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fbtwitterlinkedinvimeoflicker grey 14rssslideshare1
Languages: English
Types: Article
Subjects: BF

Classified by OpenAIRE into

ACM Ref: ComputingMethodologies_PATTERNRECOGNITION
Identifiers:doi:10.1037/a0015903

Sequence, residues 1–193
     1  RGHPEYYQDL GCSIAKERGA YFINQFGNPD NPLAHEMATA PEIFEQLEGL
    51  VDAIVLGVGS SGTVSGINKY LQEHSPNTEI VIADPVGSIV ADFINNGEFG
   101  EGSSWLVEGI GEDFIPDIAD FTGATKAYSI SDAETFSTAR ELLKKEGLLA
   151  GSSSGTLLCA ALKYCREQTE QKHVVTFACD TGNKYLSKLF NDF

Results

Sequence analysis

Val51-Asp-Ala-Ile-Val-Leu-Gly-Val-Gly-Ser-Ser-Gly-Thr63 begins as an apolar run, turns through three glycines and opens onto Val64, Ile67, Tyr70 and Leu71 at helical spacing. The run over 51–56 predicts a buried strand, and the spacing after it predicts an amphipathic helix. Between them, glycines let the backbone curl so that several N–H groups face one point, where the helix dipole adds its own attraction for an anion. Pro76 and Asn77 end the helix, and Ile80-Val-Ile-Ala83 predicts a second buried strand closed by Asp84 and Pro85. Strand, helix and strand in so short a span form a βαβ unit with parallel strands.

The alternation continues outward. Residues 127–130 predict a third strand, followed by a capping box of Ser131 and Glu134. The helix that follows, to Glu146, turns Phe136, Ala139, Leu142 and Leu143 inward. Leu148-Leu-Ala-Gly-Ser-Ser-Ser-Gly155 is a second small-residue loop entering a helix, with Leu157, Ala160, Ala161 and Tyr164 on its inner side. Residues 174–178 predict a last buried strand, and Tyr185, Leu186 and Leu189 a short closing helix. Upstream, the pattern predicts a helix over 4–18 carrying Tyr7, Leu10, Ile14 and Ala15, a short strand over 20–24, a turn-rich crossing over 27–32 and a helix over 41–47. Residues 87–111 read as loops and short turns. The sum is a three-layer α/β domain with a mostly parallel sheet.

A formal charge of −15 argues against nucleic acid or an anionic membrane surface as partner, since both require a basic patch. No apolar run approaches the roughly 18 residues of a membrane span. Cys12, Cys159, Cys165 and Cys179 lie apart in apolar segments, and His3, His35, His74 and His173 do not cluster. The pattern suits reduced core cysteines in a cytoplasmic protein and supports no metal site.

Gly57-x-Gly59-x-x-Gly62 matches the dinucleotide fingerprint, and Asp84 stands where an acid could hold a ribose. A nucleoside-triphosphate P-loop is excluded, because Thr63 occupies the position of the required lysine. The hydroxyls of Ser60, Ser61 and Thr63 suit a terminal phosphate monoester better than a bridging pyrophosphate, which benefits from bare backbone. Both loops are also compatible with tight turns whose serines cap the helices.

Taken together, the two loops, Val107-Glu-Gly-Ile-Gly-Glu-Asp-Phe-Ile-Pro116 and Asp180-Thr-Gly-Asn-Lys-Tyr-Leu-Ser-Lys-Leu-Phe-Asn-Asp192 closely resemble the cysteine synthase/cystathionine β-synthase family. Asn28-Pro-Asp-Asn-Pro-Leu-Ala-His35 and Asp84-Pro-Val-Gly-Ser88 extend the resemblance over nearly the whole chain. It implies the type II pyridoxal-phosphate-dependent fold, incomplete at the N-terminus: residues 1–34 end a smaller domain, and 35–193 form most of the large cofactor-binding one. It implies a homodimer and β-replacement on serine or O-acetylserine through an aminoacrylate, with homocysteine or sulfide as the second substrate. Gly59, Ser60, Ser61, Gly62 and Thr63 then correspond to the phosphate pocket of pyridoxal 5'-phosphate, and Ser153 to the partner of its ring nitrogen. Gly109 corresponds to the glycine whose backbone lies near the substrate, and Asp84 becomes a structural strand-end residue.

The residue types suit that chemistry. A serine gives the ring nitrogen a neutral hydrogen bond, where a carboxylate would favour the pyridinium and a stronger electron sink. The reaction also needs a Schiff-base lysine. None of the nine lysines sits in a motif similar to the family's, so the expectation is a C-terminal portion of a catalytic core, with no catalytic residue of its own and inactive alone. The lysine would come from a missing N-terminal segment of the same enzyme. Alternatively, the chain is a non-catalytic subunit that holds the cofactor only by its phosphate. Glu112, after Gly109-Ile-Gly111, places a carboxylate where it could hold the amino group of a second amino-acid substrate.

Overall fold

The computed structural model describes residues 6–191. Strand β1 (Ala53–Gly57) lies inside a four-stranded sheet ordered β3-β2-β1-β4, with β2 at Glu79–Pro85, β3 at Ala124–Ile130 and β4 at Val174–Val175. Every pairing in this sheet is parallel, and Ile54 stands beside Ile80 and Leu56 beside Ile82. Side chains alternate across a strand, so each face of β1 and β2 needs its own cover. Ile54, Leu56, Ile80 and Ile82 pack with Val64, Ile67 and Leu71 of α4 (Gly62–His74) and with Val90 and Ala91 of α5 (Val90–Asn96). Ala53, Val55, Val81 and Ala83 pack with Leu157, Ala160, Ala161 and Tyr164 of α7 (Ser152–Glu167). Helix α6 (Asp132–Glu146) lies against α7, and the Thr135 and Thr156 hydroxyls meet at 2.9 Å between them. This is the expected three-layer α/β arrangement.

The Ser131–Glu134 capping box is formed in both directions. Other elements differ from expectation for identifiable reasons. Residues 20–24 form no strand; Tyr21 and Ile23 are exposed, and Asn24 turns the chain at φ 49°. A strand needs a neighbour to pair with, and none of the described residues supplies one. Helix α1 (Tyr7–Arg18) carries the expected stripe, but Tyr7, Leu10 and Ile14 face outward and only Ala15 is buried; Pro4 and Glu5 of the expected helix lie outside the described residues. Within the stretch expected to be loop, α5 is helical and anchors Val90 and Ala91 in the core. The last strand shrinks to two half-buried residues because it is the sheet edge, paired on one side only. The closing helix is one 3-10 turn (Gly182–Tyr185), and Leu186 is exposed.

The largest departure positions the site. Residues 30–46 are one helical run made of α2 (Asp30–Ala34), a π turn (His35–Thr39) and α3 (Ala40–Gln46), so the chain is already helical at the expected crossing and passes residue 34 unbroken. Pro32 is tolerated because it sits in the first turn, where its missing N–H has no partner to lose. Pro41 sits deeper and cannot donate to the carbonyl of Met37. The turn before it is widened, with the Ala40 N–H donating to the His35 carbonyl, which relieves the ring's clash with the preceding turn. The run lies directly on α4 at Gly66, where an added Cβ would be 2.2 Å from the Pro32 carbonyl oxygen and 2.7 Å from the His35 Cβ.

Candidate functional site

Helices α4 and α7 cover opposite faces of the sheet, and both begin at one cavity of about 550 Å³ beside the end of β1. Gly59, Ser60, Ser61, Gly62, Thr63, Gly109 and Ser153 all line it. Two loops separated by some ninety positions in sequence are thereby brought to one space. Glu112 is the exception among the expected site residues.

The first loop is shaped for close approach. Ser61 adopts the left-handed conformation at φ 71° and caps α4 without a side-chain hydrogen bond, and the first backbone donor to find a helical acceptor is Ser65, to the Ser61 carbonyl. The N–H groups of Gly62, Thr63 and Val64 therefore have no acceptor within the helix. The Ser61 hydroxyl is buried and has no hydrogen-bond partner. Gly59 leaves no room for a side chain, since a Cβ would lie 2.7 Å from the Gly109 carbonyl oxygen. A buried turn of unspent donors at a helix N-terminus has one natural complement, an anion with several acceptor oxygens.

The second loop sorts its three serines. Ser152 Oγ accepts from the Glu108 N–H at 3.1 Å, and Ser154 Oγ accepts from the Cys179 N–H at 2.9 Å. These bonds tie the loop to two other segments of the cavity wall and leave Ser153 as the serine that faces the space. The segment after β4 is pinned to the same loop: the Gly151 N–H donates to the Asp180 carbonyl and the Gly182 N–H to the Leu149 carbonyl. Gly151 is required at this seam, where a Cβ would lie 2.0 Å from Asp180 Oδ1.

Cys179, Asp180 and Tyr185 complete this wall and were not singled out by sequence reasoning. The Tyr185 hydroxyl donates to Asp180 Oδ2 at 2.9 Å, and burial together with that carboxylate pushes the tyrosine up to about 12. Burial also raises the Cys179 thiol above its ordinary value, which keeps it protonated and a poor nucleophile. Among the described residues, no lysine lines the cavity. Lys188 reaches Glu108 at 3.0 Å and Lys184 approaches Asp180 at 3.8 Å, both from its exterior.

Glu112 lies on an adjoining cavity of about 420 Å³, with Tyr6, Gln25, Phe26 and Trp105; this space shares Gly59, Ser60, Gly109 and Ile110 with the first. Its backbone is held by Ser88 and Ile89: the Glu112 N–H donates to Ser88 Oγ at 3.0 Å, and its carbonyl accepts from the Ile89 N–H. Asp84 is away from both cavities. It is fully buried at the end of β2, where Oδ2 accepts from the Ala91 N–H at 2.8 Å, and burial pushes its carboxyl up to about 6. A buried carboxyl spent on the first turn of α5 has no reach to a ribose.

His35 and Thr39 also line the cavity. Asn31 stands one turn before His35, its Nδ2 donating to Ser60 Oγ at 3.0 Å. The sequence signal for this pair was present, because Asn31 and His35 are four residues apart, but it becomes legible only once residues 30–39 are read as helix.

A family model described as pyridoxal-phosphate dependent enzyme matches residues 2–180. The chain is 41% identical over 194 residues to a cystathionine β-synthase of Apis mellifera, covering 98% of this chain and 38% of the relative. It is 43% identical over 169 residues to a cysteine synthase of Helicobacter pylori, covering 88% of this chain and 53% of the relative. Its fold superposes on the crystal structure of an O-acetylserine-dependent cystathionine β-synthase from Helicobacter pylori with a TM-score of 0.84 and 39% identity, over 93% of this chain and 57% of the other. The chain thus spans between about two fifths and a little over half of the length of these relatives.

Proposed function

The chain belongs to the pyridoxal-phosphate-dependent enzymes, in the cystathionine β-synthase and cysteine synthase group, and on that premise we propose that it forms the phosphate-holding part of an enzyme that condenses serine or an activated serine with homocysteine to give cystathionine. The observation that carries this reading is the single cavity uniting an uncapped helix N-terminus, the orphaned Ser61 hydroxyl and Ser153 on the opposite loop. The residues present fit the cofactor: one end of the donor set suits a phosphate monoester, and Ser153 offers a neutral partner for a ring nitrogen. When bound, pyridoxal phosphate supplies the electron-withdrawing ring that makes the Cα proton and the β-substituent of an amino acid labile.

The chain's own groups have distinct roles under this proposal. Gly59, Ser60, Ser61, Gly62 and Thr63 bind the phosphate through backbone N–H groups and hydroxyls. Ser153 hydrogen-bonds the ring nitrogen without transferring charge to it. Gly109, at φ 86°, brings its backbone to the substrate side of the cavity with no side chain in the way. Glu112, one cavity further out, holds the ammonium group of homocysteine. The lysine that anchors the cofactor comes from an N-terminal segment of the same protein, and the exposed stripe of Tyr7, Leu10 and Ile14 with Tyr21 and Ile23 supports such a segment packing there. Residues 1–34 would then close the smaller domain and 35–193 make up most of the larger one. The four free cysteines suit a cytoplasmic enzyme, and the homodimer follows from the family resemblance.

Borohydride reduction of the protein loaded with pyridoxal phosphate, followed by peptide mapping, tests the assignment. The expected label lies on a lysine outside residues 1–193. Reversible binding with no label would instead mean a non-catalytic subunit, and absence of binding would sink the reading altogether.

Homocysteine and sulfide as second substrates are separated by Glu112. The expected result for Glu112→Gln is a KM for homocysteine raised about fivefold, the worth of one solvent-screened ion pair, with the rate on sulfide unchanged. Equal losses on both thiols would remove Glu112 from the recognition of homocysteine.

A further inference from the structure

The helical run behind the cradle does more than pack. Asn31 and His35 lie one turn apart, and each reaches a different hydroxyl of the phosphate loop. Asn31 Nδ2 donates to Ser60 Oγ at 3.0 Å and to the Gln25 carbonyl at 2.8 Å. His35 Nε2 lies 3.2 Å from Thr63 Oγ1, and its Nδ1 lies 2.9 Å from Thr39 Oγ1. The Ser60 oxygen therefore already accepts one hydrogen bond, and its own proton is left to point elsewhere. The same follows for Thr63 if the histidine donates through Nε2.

Naïve observers typically perceive some groupings for a set of stimuli as more intuitive than others. The problem of predicting category intuitiveness has been historically considered the remit of models of unsupervised categorization. In contrast, this article develops a measure of category intuitiveness from one of the most widely supported models of supervised categorization, the generalized context model (GCM). Considering different category assignments for a set of instances, the authors asked how well the GCM can predict the classification of each instance on the basis of all the other instances. The category assignment that results in the smallest prediction error is interpreted as the most intuitive for the GCM—the authors refer to this way of applying the GCM as “unsupervised GCM.” The authors systematically compared predictions of category intuitiveness from the unsupervised GCM and two models of unsupervised categorization: the simplicity model and the rational model. The unsupervised GCM compared favorably with the simplicity model and the rational model. This success of the unsupervised GCM illustrates that the distinction between supervised and unsupervised categorization may need to be reconsidered. However, no model emerged as clearly superior, indicating that there is more work to be done in understanding and modeling category intuitiveness.
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